Thursday, September 24, 2015

Visiting Ayutthaya By Train

Many years ago I went to Ayutthaya. It was a memorable trip for any number of reasons. Most specifically because in crawling through the tunnels and little openings at one of the remote temple sites, I became slightly wedged. As in someone had to push me out from behind. That kind of thing tends to stay with you.

Nonetheless I returned to Ayutthaya this year by train. Taking the train was just as, if not more, memorable than getting stuck. My husband and I prefer to travel in different ways: I’m up for adventure, he’s up for air conditioning. So he was more than skeptical about the train. To convince him of the merits of train travel, I worked on the kids. I didn’t sell Ayutthaya to my kids as a UNESCO World Heritage Centre or the former capital of Siam. Instead I sold it as the place we got to visit by TRAIN. It worked.

One morning, we went to the Hualamphong train station and bought our tickets (15 baht each, adults and children). We browsed the snacks briefly and bought a few bottles of water. Then we hopped on the train. We still had about half an hour before the train’s scheduled departure and there were a lot of available seats. The train is open seating except for the seats in the back reserved for monks.
Hualamphong train station
Ayutthaya train
As we got closer to departure time, the train began filling up pretty quickly and the cars, which were parked in the sun, began to heat up. Sweating, we kept glancing at our watches and noticed the train left about five minutes late. The beginning portion of the trip was long. The train made 5-6 stops in a half hour period. Because of the frequent stops, the train never really cooled down.

Then, unexpectedly, the conductor came through and announced that if we were going to Ayutthaya, we would need to switch trains “very quickly please.” We grabbed our stuff, and our kids, and ran across the track, hopping onto another train just as it started moving. This train was standing room only as it was crowded with college-age backpackers.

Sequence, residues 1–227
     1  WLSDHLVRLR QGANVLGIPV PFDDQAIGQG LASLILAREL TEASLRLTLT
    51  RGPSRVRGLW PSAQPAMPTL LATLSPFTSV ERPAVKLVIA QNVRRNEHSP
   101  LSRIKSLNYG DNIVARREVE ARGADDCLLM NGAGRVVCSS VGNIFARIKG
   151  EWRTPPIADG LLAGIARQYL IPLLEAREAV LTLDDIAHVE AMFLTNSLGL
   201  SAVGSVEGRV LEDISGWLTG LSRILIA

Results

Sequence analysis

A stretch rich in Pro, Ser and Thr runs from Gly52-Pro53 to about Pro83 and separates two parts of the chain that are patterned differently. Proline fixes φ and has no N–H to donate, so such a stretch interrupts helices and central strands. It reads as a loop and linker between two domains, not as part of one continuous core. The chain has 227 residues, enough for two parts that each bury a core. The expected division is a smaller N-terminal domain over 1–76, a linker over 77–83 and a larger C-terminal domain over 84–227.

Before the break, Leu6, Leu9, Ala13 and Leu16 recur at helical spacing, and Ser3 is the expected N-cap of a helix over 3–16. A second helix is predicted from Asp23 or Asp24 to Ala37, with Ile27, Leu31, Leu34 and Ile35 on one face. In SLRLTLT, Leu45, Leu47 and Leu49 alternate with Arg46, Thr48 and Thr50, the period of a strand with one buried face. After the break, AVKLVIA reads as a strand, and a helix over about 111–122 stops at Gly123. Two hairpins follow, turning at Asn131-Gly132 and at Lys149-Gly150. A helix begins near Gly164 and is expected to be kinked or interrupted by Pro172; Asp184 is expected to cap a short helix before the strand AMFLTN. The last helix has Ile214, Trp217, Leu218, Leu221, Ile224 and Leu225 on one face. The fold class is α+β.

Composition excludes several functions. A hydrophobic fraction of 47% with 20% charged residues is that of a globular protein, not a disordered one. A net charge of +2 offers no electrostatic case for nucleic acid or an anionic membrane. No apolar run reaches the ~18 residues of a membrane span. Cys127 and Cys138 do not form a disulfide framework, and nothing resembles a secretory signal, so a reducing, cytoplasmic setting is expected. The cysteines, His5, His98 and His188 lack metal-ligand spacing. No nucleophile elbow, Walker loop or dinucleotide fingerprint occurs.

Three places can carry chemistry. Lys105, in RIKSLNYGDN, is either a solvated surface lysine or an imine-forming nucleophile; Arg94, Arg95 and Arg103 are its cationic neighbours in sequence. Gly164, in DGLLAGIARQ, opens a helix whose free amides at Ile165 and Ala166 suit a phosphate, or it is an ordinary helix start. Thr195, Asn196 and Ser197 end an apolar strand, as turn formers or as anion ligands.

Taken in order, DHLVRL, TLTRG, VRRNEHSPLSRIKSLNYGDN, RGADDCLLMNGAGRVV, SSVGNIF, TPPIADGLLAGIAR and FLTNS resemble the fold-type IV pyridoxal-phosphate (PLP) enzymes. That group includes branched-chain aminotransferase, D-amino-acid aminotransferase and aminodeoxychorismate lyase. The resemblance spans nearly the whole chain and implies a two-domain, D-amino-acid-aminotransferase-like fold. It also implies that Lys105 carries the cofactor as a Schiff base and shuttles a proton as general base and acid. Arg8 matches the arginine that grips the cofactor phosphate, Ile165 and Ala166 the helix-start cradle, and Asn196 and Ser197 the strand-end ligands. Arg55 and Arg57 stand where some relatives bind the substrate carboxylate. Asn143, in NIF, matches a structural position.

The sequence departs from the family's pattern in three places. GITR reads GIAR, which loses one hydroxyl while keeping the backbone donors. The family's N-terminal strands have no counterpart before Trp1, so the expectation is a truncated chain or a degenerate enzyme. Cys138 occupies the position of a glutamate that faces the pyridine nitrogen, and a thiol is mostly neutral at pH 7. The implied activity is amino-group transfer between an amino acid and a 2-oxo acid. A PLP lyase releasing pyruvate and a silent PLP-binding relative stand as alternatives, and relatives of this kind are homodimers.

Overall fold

Although we were standing (people did scoot over to make room for the kids and we had one child in a stroller), the second train ride was actually very pleasant. The train’s speed really picked up, and the breeze cooled the train considerably. About an hour later, we pulled into the Ayutthaya station and the conductor walked through announcing our location. From there, we bought 4 baht water taxi tickets which took us downtown.

Once downtown, we passed all of the bike rental places and instead found a place to eat on the river. Then we found a tuk tuk driver who would drive us to the various wats for 100 baht an hour.

The first temple we visited, Wat Mahathat, was quite crowded as many people come to see the Buddha head entwined in the bo tree roots. There was a 50 baht fee. 
Wat Lokayasutharam is home to the world’s longest reclining Buddha. This was the third wat we visited. By time we got here, the sun was high and hot. My kids ate ice cream at the snack shop (which had tables just like my Kunya had in her garden) while I took pictures.
Offerings made to the reclining Buddha.
_DSC2573Snack shop tables
There were plenty more temples to see but from here we called it a day. We asked the tuk tuk driver to take us to the minibus pick-up and drop-off point. From there, we found a bus with five open seats. The mini-bus took us back to Bangkok, dropping all passengers off at Victory Monument.

In retrospect, I wish we had stayed overnight in Ayutthaya. There are so many ruins to see and it would have been more enjoyable to do so earlier in the morning or in the early evening, which would have alleviated the heat and the crowds.

Something to remember for next time!

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